Draft internet piracy code contains major loopholes, tech expert warns

Concerns have been raised about the viability of a voluntary industry code of practice to fight online piracy, with some technology experts warning the code contains a major flaw in only targeting residential users, and was unlikely to succeed without the involvement of other countries.

Dallas Buyers Club

Dallas Buyers Club

The draft code was released last week for public consultation by the Communications Alliance, which represents internet service providers and rights holders from the music, film, television and performing arts industries. Under the proposed code internet users who have allegedly been illegal downloading content will be sent a series of warnings under a graduated response system, and in extreme cases face legal action.

However the code will only apply to fixed line residential internet accounts held with ISPs – leaving questions open about people switching to business and mobile accounts to illegally download content outside the code’s remit.

This is a major issue according to Professor Thas Nirmalathas, director of the Melbourne University’s Networked Society Institute, who said it was unclear if the code would actually work in reducing online piracy.

“The internet is pervasive and it would be foolish to think that it is only the fixed line residential service that are going to be doing this (illegally downloading content), because the content can be accessed and consumed using  a broad variety of technologies; so if you don’t have a fair system that covers the whole access question, I think it’s probably then quickly going to fall into a heap in terms of implementation and at least perceptions of fairness,” he told Mumbrella.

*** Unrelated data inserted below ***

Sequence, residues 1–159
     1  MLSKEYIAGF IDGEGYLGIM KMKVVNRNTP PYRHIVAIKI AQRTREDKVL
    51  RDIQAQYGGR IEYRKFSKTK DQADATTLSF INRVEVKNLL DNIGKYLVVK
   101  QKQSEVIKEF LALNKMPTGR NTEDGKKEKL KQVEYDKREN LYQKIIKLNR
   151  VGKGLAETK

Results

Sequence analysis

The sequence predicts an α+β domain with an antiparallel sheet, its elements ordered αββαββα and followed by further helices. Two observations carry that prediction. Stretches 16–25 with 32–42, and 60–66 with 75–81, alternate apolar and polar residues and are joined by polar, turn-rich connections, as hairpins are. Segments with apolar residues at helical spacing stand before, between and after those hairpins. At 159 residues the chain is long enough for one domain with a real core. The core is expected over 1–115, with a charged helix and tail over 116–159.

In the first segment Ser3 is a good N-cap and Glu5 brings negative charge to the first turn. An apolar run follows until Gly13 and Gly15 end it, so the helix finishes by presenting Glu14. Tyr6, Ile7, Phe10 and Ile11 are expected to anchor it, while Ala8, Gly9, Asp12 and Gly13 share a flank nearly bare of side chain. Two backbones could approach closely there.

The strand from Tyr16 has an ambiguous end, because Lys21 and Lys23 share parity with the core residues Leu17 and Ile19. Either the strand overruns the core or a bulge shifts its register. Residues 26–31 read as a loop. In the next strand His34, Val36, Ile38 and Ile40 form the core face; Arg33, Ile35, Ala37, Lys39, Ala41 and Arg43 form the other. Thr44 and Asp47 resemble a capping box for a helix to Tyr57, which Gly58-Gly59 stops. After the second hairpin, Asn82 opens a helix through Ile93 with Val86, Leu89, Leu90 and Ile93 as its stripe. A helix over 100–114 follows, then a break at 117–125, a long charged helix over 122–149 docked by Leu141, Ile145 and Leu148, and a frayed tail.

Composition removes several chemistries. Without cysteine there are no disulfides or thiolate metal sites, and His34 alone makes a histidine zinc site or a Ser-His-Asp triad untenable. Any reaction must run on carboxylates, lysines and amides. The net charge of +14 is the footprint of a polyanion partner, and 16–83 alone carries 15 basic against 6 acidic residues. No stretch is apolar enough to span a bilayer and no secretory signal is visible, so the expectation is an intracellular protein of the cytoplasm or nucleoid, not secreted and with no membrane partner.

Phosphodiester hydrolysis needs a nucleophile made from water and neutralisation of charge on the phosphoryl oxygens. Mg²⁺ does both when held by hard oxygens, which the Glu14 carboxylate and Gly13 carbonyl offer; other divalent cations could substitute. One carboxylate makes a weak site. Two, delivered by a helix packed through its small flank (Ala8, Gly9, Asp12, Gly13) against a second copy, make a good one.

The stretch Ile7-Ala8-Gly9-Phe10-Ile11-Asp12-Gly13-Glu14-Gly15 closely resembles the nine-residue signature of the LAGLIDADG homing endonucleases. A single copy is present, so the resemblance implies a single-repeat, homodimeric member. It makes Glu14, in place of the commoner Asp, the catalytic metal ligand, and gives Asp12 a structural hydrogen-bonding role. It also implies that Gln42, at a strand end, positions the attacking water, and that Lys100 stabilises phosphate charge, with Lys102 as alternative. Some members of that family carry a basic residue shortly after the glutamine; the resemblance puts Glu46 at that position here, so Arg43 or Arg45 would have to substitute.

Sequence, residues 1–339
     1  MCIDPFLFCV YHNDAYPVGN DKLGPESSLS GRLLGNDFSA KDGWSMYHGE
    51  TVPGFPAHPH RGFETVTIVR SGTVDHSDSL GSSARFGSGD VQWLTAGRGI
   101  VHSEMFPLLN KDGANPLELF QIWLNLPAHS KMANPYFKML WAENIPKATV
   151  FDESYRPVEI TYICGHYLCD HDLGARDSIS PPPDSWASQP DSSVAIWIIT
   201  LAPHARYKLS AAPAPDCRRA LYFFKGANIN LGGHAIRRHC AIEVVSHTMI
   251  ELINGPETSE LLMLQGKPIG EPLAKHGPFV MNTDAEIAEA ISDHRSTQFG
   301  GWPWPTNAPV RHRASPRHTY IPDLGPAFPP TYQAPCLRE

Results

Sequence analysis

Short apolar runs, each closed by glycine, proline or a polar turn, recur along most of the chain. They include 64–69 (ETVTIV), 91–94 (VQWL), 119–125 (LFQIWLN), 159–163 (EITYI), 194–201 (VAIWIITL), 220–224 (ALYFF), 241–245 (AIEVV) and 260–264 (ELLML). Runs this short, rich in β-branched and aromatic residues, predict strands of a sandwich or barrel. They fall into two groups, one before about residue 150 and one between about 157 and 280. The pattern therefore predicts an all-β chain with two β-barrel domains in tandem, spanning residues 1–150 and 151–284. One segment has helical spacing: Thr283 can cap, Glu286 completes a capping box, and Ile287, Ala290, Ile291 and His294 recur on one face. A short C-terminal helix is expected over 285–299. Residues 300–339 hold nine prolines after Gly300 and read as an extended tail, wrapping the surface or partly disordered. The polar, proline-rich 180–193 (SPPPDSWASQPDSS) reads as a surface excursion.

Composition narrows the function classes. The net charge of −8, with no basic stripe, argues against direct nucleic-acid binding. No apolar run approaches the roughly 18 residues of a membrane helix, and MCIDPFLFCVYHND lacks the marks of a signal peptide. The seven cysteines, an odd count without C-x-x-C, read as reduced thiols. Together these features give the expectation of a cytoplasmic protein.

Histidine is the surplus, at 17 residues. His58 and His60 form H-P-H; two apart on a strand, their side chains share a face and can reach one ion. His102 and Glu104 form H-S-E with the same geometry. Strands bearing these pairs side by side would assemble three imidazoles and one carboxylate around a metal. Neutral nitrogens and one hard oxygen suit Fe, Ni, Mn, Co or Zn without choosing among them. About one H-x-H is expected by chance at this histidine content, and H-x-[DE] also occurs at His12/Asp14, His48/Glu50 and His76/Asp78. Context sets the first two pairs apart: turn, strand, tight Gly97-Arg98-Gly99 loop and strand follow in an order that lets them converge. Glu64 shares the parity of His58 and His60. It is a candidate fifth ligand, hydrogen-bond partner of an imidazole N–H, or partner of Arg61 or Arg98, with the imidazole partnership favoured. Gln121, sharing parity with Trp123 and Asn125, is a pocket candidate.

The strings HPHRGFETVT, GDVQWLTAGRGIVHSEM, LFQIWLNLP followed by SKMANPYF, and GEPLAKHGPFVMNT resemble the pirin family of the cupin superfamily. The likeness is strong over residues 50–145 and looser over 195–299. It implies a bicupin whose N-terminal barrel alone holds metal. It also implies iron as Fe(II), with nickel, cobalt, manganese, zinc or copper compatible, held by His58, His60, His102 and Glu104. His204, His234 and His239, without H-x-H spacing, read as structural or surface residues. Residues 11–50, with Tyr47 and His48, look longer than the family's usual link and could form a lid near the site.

“It’s actually very difficult to implement. The argument being the internet is very pervasive throughout the world, just one country implementing alone would not have any ways to prevent the piracy because there are very clever ways you can safe tunnels to access international content so the domestic jurisdictions and whatever code you put can quickly become redundant because people can use things like VPNs and other options,” he said.

Communications Alliance CEO, John Stanton, acknowledged there were some problems with the draft in it’s current form.

No scheme is going to perfect, but this scheme is designed to educate and influence the behaviour of the general population and thereby to significantly reduce infringement,” he told Mumbrella.

Stanton pointed out at the release of the draft code that it was a working document but was the right direction to be taking.

“Much work remains, but publication of a draft Code is an important milestone toward greater protection for the legitimate rights of the creative industries,” he said.

One possibility was a standardised definition of who is entitled to a business account with an ISP to prevent residential users, applying for ABNs and then switching en mass to circumvent being caught under the code.

Game of Thrones is one of the most illegally downloaded shows in Australia.

Game of Thrones is one of the most illegally downloaded shows in Australia.

According to Nirmalathas there should be serious concerns if the code were to go further and try to tighten up how business are defined, as fluidity was essential for many small start ups in the business environment and more regulation was not desirable.